As I have said, when we look at how the referendum works it would be useful to have a body which can study the problems that arise—and I imagine that there will be problems—such as the places where it might be better to run it in a slightly different way from the way in which we run elections under the Representation of the People Act. In such cases there are candidates who have election campaigns in their constituencies and so on. That is an entirely different situation from that where there are no candidates, but the electorate has to fill in some answers on a ballot paper. There is also the question of national campaigns, perhaps with local organisations, but nonetheless national campaigns. For example, the returning officer does not have in each constituency a candidate and election agent to turn to if a problem arises which he needs to discuss. All these matters deserve to be looked at.

Amendment No. 47, which is grouped with Amendment No. 45, also asks the independent statutory commission to report on the impartiality of broadcasting material during the campaign. I was happy to accept the assurance from the noble Lord, Lord Williams of Mostyn, late on Thursday evening that that campaign will last about six weeks, give or take a week or two, from the publication of the White Paper, which is the important basis on which people will have to make up their minds. Clearly, the rules to which we are accustomed in relation to broadcasting during general election campaigns are not exactly applicable in this case. I shall not go into any great detail now because I have a more detailed amendment later which relates specifically to broadcasting. I hope that the Government will then be forthcoming and give us their views on what they would expect the rules governing the broadcasters to be during the campaign and, indeed, on how long that campaign will last. Such matters are defined in statute for general elections and local government elections, so everybody knows when the campaign is up and running and when the election rules have to be obeyed.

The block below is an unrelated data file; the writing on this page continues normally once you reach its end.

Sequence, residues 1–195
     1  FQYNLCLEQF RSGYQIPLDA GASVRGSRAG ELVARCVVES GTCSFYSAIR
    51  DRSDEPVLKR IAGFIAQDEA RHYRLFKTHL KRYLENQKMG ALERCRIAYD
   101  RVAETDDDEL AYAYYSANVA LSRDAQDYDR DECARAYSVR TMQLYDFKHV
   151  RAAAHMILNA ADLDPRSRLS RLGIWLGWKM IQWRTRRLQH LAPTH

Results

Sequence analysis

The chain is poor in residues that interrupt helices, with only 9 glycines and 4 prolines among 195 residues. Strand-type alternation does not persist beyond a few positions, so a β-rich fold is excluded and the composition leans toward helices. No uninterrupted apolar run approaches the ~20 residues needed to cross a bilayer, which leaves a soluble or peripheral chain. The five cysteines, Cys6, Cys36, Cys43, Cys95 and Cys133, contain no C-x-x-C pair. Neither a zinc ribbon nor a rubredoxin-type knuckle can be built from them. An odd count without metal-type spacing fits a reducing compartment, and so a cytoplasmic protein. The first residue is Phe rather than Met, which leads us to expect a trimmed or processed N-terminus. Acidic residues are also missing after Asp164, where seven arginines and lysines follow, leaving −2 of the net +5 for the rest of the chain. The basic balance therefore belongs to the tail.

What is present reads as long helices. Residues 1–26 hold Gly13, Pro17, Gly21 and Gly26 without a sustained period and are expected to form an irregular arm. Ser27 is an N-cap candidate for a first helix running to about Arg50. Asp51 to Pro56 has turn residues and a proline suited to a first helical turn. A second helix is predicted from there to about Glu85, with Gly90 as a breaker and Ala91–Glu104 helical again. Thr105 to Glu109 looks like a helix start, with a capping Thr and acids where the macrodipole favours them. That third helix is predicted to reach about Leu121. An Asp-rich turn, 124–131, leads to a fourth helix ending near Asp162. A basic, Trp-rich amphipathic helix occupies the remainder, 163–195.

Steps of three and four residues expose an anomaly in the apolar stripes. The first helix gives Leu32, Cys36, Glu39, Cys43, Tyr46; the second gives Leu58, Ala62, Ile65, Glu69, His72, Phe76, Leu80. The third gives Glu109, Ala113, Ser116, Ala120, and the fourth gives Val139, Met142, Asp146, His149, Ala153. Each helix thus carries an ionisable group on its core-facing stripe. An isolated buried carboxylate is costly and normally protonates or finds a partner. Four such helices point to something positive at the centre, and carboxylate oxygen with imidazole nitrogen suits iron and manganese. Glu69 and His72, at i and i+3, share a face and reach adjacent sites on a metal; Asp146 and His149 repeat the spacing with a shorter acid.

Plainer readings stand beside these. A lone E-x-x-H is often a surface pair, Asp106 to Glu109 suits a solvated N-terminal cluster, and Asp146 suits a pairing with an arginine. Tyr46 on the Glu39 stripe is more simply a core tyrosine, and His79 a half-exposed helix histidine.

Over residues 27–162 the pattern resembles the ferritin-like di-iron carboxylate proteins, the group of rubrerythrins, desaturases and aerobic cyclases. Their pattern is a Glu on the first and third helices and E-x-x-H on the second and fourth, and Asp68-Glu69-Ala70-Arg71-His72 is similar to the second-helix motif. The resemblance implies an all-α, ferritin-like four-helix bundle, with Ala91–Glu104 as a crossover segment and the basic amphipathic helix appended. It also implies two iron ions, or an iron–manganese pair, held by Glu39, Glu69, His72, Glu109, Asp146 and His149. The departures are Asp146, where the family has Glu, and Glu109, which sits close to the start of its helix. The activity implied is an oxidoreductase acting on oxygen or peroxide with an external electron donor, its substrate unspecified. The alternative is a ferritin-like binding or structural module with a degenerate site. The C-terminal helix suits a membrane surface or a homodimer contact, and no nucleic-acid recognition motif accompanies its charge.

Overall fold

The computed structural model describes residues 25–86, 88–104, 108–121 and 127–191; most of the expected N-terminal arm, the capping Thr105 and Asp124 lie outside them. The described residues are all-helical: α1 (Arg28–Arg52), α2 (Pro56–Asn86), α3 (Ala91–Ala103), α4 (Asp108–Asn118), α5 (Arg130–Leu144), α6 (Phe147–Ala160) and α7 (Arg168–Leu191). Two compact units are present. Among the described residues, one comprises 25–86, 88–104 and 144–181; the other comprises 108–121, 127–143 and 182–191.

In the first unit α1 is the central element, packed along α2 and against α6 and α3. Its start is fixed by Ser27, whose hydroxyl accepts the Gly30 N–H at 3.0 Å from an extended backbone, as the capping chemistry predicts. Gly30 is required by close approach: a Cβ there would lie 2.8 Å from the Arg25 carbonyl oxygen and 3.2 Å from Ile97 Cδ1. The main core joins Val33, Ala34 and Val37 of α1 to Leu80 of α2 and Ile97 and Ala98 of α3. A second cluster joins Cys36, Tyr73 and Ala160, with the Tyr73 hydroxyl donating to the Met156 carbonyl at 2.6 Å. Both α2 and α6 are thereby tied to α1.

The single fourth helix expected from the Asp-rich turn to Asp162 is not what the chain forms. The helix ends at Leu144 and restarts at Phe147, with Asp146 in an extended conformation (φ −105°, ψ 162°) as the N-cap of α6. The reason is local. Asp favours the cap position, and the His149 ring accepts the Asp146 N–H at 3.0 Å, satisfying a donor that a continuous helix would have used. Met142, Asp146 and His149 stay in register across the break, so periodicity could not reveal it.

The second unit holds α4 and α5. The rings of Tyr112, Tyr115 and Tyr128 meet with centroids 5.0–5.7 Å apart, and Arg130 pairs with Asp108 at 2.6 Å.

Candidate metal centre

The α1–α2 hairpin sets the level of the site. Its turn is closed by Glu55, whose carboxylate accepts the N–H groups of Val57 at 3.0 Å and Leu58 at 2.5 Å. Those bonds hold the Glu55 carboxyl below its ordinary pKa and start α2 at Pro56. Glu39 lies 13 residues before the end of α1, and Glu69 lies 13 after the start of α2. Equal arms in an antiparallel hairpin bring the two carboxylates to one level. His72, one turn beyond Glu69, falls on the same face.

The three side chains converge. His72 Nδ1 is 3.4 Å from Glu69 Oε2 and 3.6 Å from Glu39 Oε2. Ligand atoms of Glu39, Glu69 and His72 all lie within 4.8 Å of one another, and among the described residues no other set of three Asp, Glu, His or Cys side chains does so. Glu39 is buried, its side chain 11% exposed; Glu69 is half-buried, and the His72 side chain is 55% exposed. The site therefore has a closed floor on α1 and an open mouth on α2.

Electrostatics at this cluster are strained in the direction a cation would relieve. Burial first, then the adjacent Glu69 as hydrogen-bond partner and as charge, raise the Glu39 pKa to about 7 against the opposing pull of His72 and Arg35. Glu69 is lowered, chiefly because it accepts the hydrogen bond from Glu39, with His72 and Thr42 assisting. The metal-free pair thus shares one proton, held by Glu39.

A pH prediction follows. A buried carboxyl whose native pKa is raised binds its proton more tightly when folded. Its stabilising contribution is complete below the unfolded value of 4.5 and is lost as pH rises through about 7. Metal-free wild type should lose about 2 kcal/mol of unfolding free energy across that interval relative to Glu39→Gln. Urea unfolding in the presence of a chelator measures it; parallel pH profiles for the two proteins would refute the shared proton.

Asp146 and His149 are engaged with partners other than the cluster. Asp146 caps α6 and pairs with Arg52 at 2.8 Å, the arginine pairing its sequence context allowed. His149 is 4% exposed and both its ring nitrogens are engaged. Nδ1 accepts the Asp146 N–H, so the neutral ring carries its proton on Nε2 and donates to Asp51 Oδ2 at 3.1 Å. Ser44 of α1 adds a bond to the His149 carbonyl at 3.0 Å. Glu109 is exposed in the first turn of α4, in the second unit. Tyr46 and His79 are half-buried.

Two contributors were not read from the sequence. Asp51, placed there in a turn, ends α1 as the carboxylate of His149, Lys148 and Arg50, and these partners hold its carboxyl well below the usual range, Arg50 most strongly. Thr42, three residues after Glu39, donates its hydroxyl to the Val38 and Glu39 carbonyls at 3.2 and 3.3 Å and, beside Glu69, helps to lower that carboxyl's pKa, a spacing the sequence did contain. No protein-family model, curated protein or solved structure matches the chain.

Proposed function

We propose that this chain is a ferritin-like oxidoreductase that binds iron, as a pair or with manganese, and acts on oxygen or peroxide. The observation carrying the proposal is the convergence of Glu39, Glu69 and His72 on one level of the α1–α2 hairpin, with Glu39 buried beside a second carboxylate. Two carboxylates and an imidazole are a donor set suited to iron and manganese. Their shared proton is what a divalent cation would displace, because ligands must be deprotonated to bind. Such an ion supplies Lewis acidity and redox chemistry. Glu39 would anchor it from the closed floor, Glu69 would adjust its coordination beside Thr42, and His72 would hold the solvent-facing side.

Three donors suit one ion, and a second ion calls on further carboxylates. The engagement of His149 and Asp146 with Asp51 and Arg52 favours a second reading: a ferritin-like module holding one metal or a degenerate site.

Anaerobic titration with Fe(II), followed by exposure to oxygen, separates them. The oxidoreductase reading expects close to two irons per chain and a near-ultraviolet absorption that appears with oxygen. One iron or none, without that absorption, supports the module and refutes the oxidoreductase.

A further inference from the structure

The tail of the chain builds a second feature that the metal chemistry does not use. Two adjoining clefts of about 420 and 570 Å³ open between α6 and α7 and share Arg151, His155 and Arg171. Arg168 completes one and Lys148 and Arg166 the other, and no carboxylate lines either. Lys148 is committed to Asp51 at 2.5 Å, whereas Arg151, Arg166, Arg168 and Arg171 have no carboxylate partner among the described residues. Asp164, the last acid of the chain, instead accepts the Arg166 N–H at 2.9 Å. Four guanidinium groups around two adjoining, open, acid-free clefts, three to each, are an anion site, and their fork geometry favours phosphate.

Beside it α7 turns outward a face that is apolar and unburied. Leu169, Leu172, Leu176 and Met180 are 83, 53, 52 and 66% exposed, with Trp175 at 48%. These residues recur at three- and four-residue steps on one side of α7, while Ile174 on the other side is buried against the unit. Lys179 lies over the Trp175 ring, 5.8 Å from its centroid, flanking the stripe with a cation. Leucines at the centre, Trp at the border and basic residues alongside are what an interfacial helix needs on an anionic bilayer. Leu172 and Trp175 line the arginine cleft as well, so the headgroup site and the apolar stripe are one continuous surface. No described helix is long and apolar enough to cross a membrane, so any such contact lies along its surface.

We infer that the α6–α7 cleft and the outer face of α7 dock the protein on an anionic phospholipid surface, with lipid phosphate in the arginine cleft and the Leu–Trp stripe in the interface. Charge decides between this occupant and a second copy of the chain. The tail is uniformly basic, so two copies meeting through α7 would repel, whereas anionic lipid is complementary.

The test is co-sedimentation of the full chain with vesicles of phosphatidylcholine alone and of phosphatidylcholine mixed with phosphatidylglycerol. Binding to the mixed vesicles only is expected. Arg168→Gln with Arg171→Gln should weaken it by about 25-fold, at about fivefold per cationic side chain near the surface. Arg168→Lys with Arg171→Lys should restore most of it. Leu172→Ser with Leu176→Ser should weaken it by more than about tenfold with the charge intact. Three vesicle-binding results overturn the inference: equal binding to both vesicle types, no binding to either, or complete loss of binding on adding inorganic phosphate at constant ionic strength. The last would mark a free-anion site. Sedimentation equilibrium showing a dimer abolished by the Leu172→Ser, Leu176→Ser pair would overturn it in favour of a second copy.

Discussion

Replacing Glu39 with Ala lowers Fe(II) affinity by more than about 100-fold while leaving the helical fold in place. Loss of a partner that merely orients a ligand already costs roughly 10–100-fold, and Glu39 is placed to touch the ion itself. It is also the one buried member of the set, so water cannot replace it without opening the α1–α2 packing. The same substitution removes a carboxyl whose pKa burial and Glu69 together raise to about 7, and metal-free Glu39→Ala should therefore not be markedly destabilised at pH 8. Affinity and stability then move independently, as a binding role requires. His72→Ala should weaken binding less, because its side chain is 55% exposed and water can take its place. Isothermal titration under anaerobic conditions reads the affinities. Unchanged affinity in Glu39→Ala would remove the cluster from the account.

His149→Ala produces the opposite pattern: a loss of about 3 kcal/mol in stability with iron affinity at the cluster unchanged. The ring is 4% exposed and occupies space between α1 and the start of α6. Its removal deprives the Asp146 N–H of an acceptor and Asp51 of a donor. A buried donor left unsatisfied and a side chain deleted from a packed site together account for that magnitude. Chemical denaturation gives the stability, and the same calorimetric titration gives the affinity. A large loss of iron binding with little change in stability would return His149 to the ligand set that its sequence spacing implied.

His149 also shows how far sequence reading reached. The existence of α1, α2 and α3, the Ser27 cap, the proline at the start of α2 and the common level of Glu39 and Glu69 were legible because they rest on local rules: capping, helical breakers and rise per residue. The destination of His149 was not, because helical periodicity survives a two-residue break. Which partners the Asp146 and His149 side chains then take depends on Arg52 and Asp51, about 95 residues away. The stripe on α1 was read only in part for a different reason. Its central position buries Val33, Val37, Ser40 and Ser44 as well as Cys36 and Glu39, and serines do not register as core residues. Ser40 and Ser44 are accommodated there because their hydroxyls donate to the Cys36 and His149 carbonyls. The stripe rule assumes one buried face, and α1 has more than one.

I hope that the Government will address the issue of establishing a statutory commission and a referendums Act. I do not recall that too much mention was made of the case that I presented at Second Reading—I am not complaining about that—but in summary perhaps I may remind the Government of guideline No. 3 in paragraph 67 of the commission's report. It states: If a Government is planning a series of referendums"— I understand that that is what this Government are doing— it has the option of establishing a statutory framework for the conduct of referendums through the enactment of a generic Referendum Act. Such an Act would demonstrate the Government's commitment to the efficient, fair and consistent conduct of referendums. It would provide for the establishment of an independent 'Referendum Commission' and include fixed rules for some matters (for example the organisation of the poll and the count). For other matters, on which it is impossible to determine rules in advance (for example, the wording of the question) the Act should set out how a decision should be reached. Those matters which will be different in each referendum and are likely to be of Parliamentary concern could be dealt with through primary legislation on each occasion". I know that I cannot have that in the referendums that we are about to have, but I believe that those referendums should provide a learning curve, if I may put it like that, for a general referendums Act and an independent commission. My proposal for an independent statutory commission to look at the way in which the referendums in September are to be conducted would, if implemented, be a major step towards having an independent commission responsible for the holding of all referendums and for a referendums Act. I very much hope that the Government will accept that I am not trying to do anything to disrupt the referendum that they propose to hold in September; instead I am looking at the broader picture of all the referendums that we are promised in the years to come. I beg to move.

The Lord Advocate (Lord Hardie)